Recently, I was telling my mom that after a long, frustrating day, my best therapy is often getting into my kitchen, turning on some music, pouring a glass of my favorite red wine, and cutting vegetables. Cooking. Mixing stuff. Making stuff. Concocting. The time passes and the kids stop by to whine and ask for stuff and I just keep going. I don’t mind — it feels worth it. She looked at me with sudden understanding in her eyes and said, “That’s how I feel in my garden.”

If you’ve ever been to my mom’s house, the first thing you’d notice is the garden. The flowers. The pots and perennials and flower beds. The lush colors. The life all around you. She loves this. This is her thing. I water my plants when they look like they might fall over and die if I don’t. She doesn’t just water; she fertilizers daily, people. She can’t pass by a weed without stopping to pull it out. She takes the time to prep and prune and preen. And she loves to give this time. She thinks nothing of it. The time passes and she doesn’t mind.

Here’s the thing: I notice my mom’s beautiful garden, her flowers. No one notices my weeds. Because they don’t matter to me.

But I do hope they notice the things I care about fully, the things I invest in. I hope when they come for dinner they can feel love and warmth from my kitchen. I hope when my students show up in my classroom they feel love and warmth from the teaching. I hope when I put my writing out in the world others from love and warmth from that, too.

When I think of my friends one of my favorite things about them is watching them living out their passions — their passions for dancing, for writing,  for caring for orphans, for parenting, for teaching kids with special needs, for composting, for nutrition, for counseling — the list goes on. That’s not to say that these passions are easy or that the work is always fun, but there’s a commitment to it. There’s time that’s made for it because it not only matters, it fills them up somehow. And it’s so good to watch them give their good to the world.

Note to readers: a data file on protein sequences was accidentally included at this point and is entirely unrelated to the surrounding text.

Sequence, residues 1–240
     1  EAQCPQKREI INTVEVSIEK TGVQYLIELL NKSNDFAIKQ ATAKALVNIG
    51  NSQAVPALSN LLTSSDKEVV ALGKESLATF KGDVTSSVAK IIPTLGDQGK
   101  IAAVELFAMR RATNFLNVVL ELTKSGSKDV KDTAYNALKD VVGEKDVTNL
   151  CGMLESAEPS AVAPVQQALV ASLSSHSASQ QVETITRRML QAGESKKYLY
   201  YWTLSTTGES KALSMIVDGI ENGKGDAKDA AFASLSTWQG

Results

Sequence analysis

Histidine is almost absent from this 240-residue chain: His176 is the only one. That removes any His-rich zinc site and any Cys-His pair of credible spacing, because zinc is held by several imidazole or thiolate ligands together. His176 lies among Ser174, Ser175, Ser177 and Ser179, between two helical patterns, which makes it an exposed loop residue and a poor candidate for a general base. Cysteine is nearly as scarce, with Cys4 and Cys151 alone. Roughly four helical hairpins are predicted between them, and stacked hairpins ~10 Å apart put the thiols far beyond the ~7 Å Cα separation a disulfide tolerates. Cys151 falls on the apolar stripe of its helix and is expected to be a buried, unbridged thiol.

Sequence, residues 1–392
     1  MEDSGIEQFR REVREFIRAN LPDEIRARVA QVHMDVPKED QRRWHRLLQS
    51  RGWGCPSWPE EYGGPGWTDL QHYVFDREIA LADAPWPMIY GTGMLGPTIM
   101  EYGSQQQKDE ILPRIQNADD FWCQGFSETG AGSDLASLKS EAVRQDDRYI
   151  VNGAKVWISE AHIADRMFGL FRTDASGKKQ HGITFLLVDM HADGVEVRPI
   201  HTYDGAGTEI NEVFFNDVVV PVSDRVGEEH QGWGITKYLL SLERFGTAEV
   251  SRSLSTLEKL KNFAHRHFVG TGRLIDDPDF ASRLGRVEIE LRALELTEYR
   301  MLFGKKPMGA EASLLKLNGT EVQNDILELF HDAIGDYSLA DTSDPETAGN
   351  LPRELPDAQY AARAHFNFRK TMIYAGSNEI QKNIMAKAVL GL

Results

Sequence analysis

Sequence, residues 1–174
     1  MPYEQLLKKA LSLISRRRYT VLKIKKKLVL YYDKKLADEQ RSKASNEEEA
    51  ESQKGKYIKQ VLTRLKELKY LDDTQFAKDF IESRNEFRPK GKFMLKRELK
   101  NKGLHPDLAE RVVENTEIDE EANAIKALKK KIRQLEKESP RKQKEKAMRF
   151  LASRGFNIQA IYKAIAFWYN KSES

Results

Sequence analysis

Part of living into grace is loving those gifts — my own and others around me — and acknowledging that my weeds are fine. I can have weeds because although I love and appreciate a beautiful garden, it’s not my thing. I have other things. You have things, too.

And comparing “not my thing” to “your thing” would be silly.

So, this morning, I’m staring at those weeds in my backyard with love, not contempt. Because leaving them allowed me to get this written.
Now, go and do your thing.

Middle

Definition: (Adjective) At an equal distance from the extremities of something

 Synonyms: Center or Midst, suggesting that a person or thing is closely surrounded or encompassed on all sides, especially by that which is thick or dense; such as the midst of a storm.

Photo credit: unsplash.com; Alex Jones

When I tell someone I teach in a middle school, the most common reaction is a wince followed by a comment such as, “I hated middle school.” People say things like “I’m sorry,” or “Those were the worst years of my life.” I’ve never heard anyone say, “You know, I really wish I could go back and re-live eighth grade.”

I teach the years most people try to forget.

“An equal distance from the extremities” — that’s what it feels like a lot of days — that those of us who teach the middle are wading through the messy, inmost pieces. We are teaching lessons to brains mid-developed, grading essays that are half-finished, trying to counsel and guide people who are only able to partially listen.

There’s no hiding the realities of these places — students try so very hard to appear to have it all together, but pull it off very poorly. Even those who appear the most composed are doing their best to stay that way. It’s a place where an untidy vulnerability hangs heavy in the air.  Everything seems a little shaky, a little fragile, when so many are trying to hard to look the right way, say the right thing, and be the right version of themselves. (This is also exactly why I feel anxious at bridal showers.)